David Young, a declared Republican candidate for the U.S. Senate, used a speech to the Iowa Faith and Freedom Coalition to lay out his idea on how to solve the “problem” of Washington, D.C.
He looks forward to winning the primary and the general election, Young told the coalition, so he can invite New York Sen. Chuck Schumer to lunch where he can share the good news of Jesus Christ.
Sadly, he was not kidding.
One can imagine that Schumer, born in Brooklyn in a middle-class Jewish neighborhood to Jewish parents, would be surprised, annoyed and even angered by the presumptuousness of Young’s plan.
A liberal Democrat, his policy positions seem to reflect Jewish requirements to treat all people fairly and care for the poor. Schumer’s personal faith is irrelevant, but for Young to imply that Schumer needs religious awakening is absurd and harmful.
Imagine the uproar at the Faith and Freedom Coalition gathering were Indiana Congressman Andre Carson and Minnesota Congressman Keith Ellison, both practicing Muslims, to announce that their elections were a call to share their beliefs about Mohammed with, say, Congressman Chuck Grassley, Young’s boss. Fortunately, all of these religiously faithful men seem uninterested in using their offices to convert others to their faith, focusing instead on their constituents’ temporal needs.
Candidate Young’s comment completely misses the point.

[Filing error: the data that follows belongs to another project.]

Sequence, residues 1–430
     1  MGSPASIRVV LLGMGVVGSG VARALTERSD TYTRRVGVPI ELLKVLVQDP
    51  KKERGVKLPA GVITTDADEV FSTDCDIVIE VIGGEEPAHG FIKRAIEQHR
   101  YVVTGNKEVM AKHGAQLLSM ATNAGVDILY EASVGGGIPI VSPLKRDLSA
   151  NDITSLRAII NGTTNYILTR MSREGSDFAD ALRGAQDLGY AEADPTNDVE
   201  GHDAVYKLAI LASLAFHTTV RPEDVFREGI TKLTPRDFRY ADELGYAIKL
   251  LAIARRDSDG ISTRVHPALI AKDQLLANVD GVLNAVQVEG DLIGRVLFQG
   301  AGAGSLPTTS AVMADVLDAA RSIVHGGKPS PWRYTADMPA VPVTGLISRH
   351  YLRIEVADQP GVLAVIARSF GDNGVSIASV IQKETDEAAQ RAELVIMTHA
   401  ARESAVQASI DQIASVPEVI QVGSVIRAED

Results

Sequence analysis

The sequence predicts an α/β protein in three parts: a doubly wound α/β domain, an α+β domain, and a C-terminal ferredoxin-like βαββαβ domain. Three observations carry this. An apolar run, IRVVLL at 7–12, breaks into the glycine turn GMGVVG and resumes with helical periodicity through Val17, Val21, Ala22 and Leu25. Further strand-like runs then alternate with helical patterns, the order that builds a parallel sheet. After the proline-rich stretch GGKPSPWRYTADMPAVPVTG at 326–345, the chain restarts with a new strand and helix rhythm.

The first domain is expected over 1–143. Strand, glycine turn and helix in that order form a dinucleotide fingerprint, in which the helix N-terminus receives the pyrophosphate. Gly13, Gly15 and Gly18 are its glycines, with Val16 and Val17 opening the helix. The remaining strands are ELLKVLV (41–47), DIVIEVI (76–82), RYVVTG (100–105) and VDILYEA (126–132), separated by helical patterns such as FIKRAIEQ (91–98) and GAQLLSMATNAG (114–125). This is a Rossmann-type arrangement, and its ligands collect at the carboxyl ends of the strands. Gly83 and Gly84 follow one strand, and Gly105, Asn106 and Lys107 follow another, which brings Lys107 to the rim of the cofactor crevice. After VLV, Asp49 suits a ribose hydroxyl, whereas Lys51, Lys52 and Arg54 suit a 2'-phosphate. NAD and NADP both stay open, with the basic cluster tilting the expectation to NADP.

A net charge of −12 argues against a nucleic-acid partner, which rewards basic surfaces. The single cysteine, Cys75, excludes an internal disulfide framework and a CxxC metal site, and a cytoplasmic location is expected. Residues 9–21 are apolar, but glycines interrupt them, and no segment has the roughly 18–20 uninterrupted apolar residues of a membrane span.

Protestant, Catholic, Jew, Muslim, Sihk, Hindu and Buddhist, all are faiths available to Americans. If the more traditional religious practices do not meet spiritual needs, Americans have proven themselves perfectly capable of creating others. Jehovah’s Witnesses, the Church of Christ Scientist, Seventh Day Adventist, Latter-day Saints (Mormons) and even atheists are all creations of those who chose to find their own answers.
Americans have always practiced politics from a secular perspective. Article VI, paragraph 3 of the United States Constitution reads: No religious test shall ever be required as a qualification to any office or public trust under the United States.
The Founding Fathers decided to avoid the disaster of European religious wars by sidestepping all discussion of whose religion is best.
Representatives of the people are elected to meet, whether at lunch or in legislative chambers, to hammer out how to ensure the health, safety and security of their constituents.
Spiritual matters are to be left to the Sabbath, no matter how that day is defined.